How Much Can You Earn in the Restaurant Industry?

One of the top three questions I get comes from chefs, line cooks, bartenders, and servers has to be, "Who's hiring?" 

"We're always looking for great help," said manager Christie Ajakie, of G&B Oyster Bar, the subject of this week's review. "Even if we're fully staffed, if someone is a great fit, we'll either find a spot for them or make them a first priority." Including sibling Coconuts, the restaurant employs 40 servers and about 20 cooks.

It's not just restaurants on the lookout for new employees. The South Florida job market continues to grow, reported The Atlantic Cities, seeding tenth in metropolitan regions that have added the most new jobs between July 2010 and July 2011.

What's the earning potential for chefs and managers?

The American Culinary Federation has released its first salary study since 2008, which reports industry stats on average salaries, length of workweeks, highest-paying industry segments, and gender pay discrepancies.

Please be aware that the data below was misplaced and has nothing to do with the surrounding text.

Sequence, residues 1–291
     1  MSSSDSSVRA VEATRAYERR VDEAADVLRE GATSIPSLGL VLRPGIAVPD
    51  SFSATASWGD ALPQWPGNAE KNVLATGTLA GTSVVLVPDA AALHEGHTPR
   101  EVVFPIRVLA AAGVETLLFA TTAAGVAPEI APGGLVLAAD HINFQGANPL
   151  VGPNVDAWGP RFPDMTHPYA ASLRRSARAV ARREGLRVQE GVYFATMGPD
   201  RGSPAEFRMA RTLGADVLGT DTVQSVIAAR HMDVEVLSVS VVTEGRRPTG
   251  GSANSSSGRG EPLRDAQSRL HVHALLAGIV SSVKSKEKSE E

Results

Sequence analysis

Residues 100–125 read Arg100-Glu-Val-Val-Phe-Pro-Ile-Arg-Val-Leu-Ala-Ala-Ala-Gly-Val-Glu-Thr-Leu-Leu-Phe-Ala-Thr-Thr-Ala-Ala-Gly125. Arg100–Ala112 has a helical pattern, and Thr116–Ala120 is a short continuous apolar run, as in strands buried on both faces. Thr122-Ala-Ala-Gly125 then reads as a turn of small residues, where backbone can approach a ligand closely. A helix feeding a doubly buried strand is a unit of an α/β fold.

Some findings:
-Only 3 percent of respondents were unemployed, significantly less than the national unemployment rate of 8.3 percent.
-34 percent report working more than 50 hours a week.
-Corporate managers and execs make the most bank, of course, earning an average of $97,000, followed by research chefs at $90,000 and educators, $74,000. The average pay for executive chefs is $66,000.
-The median base salary for male managers is $28,000 more than that of women. The median base salary for a male executive chef is $18,000 more than that of a woman.
-Chefs in the mid-Atlantic make the most, at $65,000, followed by New England and the Pacific, at $60,000. The lowest salaries are west north central U.S., at $53,000.

The 2011 study is the result of responses from 2,711 members, of which 88 percent were employed full time. A third are executive chefs, and four of five are male. More than 50 percent are over 45. The average base salary is $63,786.

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Food Critic
Contact: Melissa McCart